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By Phyllis Trible / Fortress Press / 1984
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Professor Trible focuses on four variations upon the theme of terror in the Bible. By combining the discipline of literary criticism with the hermeneutics of feminism, she reinterprets the tragic stories of four women in ancient Israel: Hagar, Tamar, an unnamed concubine, and the daughter of Jephthah. In highlighting the silence, absence, and opposition of God, as well as human cruelty, Trible shows how these neglected stories—interpreted in memoriam—challenge both the misogyny of Scripture and its use in church, synagogue, and academy.
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The approach of Phyllis Trible in her book Texts of Terror is a sophisticated attempt to grapple with [negative texts] . . . calling the reader to identify with biblical women both in their oppression and in their struggle for freedom. . . . Trible enables an engagement with these biblical narratives which is both profound and challenging.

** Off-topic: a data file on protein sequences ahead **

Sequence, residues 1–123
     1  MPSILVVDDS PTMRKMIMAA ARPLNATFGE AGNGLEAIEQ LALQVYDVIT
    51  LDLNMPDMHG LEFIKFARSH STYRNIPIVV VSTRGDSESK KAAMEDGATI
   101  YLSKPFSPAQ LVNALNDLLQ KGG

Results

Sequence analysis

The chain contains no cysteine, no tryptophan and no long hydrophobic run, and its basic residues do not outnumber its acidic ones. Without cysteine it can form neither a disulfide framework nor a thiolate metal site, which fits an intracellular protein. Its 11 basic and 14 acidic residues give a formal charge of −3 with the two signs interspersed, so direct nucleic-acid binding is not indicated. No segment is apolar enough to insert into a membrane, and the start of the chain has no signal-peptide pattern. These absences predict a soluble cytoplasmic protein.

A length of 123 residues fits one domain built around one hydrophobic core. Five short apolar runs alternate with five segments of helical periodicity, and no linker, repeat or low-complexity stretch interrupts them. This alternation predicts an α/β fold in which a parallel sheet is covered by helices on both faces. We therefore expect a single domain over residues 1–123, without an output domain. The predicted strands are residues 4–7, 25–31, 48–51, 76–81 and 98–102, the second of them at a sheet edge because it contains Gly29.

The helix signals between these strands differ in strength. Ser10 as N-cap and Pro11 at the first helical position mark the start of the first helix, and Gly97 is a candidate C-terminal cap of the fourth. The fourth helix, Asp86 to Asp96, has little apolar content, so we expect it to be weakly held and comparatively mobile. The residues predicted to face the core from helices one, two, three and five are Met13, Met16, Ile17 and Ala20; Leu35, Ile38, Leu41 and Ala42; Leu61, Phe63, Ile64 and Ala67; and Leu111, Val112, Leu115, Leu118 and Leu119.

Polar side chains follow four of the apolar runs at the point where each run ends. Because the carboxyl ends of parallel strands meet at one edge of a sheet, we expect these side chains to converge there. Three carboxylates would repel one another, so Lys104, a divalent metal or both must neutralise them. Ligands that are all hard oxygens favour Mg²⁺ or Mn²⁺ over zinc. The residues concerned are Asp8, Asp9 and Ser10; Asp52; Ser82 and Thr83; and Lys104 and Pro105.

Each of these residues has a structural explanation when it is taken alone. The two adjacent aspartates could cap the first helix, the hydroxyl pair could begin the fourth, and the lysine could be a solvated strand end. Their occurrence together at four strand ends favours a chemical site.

—Paul M. Joyce, lecturer of theology, University of Oxford
Phyllis Trible is an internationally known biblical scholar and rhetorical critic. A past president of the Society of Biblical Literature, she began her collegiate teaching career at Wake Forest University in 1963. After leaving in 1971, she taught at Andover Newton Theological School in Massachusetts until she went to Union Theological Seminary in New York in 1979 as a professor of Old Testament. From 1981 until her appointment to the Wake Forest University School of Divinity in 1998, she was the Baldwin Professor of Sacred Literature at Union Theological Seminary.
Trible, a leader in the text-based exploration of women and gender in Scripture, lectures extensively in the United States and abroad. She is also the author of the volume on Jonah in the New Interpreter’s Bible series.